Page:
By Mitch Lipka
Feb 27 When you travel a lot - particularly when
the journeys involve going to unfamiliar places many time zones
away - your health can make the difference between a successful
trip and an awful one.
Just ask Bob Costas, who arrived in Sochi to be the main
host of NBC's prime time Olympic coverage, and ended up on the
sidelines for nearly a week with an eye infection.
Being sick on the road could be costly to both business
travelers and tourists alike, who could find themselves spending
more time in bed than doing what they planned. Here are some of
the tricks that veteran travelers have picked up on the road.
1. Plan ahead
Heather Holmes, who works for the medical device company
Medtronic Inc, regularly puts in more than 100,000 miles
a year on long flights to such places as China and India. She
takes her preparations very seriously, starting as much as a
month or two in advance.
As soon as she knows her destination, Holmes - who's in her
30s - heads first to a travel clinic at a local hospital near
her home base in Chicago. These can be found in many cities and
dispense any needed vaccinations and medicines to deal with
diseases specific to where you are traveling, such as
If there's no clinic like this near you, you can get
information about the risks of specific illnesses and diseases
you might encounter by using free services including Sitata.com,
the International Association for Medical Assistance to
Travelers (), and the U.S. Centers for Disease
Control and Prevention's travel site
2. Soup up your toiletry kit
After some nasty itching from tree pollen in Nicaragua,
where there was not a Walgreen's or CVS on every
corner, North Carolina-based travel writer Katie Jackson, 24,
learned the hard way about why it's important to bring along
your own over-the-counter treatments. A foot injury on a Greek
island, where she had trouble finding pain medicine, cemented
the idea for her about being prepared.
Now she packs a hearty kit of over-the-counter medications
and supplies, including hydro-cortisone cream, Benadryl, contact
solution, wipes that can be used as a shower alternative, and
zinc lozenges intended to lessen the duration of a cold.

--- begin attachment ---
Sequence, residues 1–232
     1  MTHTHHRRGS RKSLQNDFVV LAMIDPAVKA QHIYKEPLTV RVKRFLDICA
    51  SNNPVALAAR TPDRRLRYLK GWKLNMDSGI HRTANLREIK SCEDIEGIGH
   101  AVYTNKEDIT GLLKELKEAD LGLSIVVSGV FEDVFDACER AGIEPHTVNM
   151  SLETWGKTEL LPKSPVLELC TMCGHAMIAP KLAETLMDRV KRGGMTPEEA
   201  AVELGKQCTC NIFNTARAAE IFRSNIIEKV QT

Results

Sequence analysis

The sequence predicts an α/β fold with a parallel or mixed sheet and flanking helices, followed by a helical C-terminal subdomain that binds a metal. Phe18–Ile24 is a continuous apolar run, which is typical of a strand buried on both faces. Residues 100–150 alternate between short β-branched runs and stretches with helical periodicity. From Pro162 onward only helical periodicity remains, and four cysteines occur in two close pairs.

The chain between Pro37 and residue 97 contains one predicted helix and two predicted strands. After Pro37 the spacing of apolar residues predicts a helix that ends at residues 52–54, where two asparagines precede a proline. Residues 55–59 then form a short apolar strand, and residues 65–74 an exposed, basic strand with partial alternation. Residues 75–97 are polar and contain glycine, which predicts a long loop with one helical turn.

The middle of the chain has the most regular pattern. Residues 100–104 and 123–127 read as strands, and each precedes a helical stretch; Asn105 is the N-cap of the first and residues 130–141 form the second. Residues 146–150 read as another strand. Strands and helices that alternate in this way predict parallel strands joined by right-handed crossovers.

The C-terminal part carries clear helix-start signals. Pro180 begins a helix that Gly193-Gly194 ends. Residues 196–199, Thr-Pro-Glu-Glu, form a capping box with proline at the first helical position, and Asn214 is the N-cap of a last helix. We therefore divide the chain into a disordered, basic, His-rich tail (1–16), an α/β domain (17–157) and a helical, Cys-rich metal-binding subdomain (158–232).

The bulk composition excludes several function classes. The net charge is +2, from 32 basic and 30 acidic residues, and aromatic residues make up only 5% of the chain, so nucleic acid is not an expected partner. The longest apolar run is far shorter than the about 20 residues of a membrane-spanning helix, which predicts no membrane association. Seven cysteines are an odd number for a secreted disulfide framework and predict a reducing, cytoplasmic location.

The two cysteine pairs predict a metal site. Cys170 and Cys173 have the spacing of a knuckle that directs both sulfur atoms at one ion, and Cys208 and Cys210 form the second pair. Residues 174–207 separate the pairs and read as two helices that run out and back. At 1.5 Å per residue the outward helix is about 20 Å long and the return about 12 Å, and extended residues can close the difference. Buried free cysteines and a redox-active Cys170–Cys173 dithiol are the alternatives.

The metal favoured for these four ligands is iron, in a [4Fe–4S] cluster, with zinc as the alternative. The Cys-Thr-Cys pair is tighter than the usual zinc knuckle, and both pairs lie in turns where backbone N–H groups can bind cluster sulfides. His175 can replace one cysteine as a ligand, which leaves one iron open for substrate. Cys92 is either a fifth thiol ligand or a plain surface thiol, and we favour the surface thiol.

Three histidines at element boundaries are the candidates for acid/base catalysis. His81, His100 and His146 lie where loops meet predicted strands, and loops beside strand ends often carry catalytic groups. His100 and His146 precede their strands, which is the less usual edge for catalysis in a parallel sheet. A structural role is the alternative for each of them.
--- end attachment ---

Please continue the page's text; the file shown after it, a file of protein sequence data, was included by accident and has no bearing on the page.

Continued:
To avoid common digestive problems from foreign food that
can be tricky to deal with in remote locales, she drinks bottled
water when traveling and sticks mainly to packaged dry foods -
including crackers, nuts and cereals. Still, Jackson says it's
worth identifying where bathrooms are wherever you're going to
be in case you are on the wrong side of that battle.
Holmes' kit includes Band-aids, Benadryl, antiseptic
ointment, hydro-cortisone, sleeping pills, moistened wipes,
anti-bacterial hand wash, sunscreen, and bug spray. "By
traveling with all of this stuff I'm prepared for most anything
that I could encounter on the ground or in the air," she says.
Also, before a long flight, she says she takes aspirin and
wears compression socks to prevent deep vein thrombosis - and
she tries to walk around when possible.
3. Eat right
Food, even before you go, can make a difference in how your
hold up in your travels. Vegan chef and travel expert Carolyn
Scott-Hamilton, also known as "The Healthy Voyager," says to
avoid alcohol, sugar and caffeine before flying - as well as to
dodge "junky, overpriced and unhealthy airport food."
On trips, she brings an anti-microbial sleep mask and neck
pillow to help catch some shut-eye while on the road, and snacks
in stainless steel containers.
4. Avoid germs
Some veteran travelers make a point of using disinfectant on
items they're likely to touch when traveling - such as hotel
light switches, door handles and even the TV remote control.
New York-based actor and comedian Jim Dailakis, who
regularly travels between the U.S. and Australia says he
exercises, eats well and gets plenty of sleep before hitting the
road. But he also never forgets to keep his hands clean. "Hand
sanitizer is incredibly important to me. If I can't wash my
hands with soap and water, I'll always use hand sanitizer."
And when he does use a restroom, he uses the paper towel
that he dried with to open the door. "Some people might not wash
their hands after they've gone to the bathroom," Dailakis says.
5. Check your insurance
Robert Wheeler, chief medical officer for New
Hampshire-based On Call International, a paid service that
provides emergency travel assistance, says to check with your
medical insurance company about what they would cover when
you're abroad. It's also important to identify hospitals and
pharmacies at your destination that have been identified as
having Western standards.
Wheeler puts a lot of emphasis on drinking plenty of water.
He says he drinks between eight and 10 eight-ounce glasses of
water a day before, during and after traveling because getting
dried out makes the body less effective fighting off viruses and